Proving that there is a schedule of length using constant-size queues is more difficult. Removing the factor in the length of the schedule seems to require delving into second-order terms in the probability calculations, and reducing the queue size to a constant mandates greater care in spreading delays out over the schedule.

**Proof:** To make the proof more modular, we bound the frame size and
relative congestion after each step of the construction in lemmas.
These lemmas and their proofs are included within the proof of the
theorem. We assume without loss of generality that *c=d*, so that the
bound on the length of the schedule is .

As before, the strategy is to make a succession of refinements to the
greedy schedule, . The first refinement is special. It
transforms into a schedule in which the relative
congestion in each frame of size or more is at most *1*. Thereafter,
each refinement transforms a schedule with relative congestion
at most in any frame of size or greater into a
schedule with relative congestion at most in any
frame of size or greater, where and , as shown in
Figure 4. As well shall see, after *j* refinements,
where , we obtain a schedule with constant
relative congestion in every frame of size or greater, where
is some constant. From it is straightforward to construct
a schedule of length in which at most one packet traverses
each edge of the network at each step, and at most a constant number
of packets wait in each queue at each step.

**Figure 4:** A refinement step. Each refinement
transforms a schedule into a slightly longer schedule .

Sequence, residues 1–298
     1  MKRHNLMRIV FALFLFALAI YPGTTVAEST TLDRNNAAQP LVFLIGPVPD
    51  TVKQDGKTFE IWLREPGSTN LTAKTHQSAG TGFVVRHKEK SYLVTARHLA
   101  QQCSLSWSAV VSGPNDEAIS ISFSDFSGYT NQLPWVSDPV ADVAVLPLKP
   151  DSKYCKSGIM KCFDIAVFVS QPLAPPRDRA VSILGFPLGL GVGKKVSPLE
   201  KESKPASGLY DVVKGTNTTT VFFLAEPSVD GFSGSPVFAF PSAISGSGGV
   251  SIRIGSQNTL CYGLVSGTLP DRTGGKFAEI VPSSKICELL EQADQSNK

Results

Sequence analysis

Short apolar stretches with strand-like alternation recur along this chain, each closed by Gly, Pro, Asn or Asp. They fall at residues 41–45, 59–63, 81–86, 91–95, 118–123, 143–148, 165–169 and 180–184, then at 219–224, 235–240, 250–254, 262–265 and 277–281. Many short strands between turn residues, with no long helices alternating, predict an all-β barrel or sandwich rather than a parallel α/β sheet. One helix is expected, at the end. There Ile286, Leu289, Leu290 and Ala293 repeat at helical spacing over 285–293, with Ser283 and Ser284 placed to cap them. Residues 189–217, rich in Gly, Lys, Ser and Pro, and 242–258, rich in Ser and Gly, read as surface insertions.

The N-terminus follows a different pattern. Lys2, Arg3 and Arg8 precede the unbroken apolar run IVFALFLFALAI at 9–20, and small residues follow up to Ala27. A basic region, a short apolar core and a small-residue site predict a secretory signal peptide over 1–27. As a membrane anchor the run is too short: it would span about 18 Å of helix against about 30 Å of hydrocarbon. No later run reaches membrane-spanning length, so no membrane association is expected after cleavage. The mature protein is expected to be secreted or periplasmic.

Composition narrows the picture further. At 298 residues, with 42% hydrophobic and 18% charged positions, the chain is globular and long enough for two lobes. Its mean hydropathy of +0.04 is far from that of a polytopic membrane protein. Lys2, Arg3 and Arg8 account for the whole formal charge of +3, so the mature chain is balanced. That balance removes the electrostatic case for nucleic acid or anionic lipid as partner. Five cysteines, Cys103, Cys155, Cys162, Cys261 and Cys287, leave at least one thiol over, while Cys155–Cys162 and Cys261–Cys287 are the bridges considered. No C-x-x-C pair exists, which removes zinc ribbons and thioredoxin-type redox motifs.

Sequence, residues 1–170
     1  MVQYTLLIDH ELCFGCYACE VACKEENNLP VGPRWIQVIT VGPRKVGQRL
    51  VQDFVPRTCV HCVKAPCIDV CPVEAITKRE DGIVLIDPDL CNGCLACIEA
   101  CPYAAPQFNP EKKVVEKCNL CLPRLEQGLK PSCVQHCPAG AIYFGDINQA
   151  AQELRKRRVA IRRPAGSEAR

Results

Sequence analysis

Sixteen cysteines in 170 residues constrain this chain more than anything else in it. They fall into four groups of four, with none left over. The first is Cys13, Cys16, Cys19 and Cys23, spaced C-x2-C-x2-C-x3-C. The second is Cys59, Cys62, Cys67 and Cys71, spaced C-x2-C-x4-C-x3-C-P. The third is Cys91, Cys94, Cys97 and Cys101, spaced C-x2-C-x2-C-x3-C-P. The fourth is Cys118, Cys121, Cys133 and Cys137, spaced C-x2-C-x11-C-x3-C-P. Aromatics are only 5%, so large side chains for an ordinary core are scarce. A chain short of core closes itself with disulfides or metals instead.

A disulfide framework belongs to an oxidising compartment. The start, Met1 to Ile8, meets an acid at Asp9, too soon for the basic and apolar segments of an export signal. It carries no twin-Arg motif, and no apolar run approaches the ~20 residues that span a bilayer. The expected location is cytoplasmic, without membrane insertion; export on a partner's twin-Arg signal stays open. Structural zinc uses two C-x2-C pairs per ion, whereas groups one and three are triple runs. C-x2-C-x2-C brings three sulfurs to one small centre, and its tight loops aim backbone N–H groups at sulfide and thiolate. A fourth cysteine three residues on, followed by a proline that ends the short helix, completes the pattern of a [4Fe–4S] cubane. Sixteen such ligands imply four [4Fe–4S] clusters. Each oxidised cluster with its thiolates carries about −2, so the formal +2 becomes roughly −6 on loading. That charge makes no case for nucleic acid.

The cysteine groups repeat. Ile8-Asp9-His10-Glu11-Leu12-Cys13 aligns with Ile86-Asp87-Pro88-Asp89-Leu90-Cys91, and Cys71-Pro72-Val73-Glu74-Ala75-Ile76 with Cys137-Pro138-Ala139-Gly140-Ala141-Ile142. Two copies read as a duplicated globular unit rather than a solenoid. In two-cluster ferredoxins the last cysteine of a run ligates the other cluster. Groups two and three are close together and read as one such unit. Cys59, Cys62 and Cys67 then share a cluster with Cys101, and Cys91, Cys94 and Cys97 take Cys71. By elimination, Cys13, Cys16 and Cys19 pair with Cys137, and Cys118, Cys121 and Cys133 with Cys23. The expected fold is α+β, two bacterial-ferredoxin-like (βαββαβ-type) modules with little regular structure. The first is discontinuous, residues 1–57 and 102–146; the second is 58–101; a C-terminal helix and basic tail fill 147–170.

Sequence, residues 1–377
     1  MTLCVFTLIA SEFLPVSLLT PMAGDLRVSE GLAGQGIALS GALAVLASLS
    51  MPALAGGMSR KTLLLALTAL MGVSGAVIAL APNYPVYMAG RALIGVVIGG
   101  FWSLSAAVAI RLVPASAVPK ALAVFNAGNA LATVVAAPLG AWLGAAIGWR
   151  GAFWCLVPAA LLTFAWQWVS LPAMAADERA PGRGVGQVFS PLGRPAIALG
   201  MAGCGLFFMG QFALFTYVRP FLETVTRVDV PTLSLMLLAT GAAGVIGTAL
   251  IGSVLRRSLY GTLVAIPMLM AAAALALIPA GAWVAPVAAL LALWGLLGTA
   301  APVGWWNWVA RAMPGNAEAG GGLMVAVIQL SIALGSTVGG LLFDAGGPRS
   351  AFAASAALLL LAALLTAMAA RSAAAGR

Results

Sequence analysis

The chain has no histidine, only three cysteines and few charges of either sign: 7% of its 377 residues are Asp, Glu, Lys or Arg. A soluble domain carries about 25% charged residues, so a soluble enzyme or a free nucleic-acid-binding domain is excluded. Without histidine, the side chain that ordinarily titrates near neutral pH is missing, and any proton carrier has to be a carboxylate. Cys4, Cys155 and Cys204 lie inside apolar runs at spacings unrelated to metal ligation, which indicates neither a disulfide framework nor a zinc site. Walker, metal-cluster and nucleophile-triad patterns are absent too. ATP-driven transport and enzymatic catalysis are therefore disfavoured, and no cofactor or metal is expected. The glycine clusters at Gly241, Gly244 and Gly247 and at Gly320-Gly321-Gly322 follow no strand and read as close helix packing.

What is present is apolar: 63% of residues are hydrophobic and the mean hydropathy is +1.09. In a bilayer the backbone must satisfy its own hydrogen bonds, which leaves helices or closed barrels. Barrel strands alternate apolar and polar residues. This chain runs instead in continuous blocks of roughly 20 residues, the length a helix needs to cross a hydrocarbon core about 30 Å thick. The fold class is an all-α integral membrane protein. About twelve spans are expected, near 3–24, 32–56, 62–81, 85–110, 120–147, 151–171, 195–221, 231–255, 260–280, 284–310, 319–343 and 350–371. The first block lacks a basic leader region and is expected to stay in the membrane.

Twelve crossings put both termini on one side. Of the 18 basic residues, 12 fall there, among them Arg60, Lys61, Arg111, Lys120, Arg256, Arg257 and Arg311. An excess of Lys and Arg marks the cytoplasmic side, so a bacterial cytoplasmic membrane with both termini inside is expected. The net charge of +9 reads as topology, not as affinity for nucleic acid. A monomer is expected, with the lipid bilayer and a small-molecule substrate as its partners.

The frame size is greatly reduced in , yet the relative
congestion within a frame remains about the same, i.e., and .

At the start, the relative congestion in a *d*-frame of is at
most *1*. We begin by using Lemma 3.2 to produce a
schedule of length in which the relative congestion is at
most in any frame of size or greater.

Next, we repeatedly refine the schedule to reduce the frame size. As we shall see, the relative congestion and frame size for schedule are given by the recurrences

and

which have solutions
and
for some *j*, where .

We have not explicitly defined the values of and for which the recursion terminates. However, in several places in the proof that follows we implicitly use the fact that is sufficiently large that some inequality holds. The recursion terminates when the first of these inequalities fails to hold. When this happens, is bounded from above by some constant. Furthermore, independent of the depth of the recursion, is bounded from above by a constant.

Throughout the following lemmas we make references to quantities such
as *rI* packets or time steps, when in fact *rI* and
may not be integral. Rounding these quantities to integer
values when necessary does not affect the correctness of the proof.
For ease of exposition, we shall henceforth cease to consider the
issue.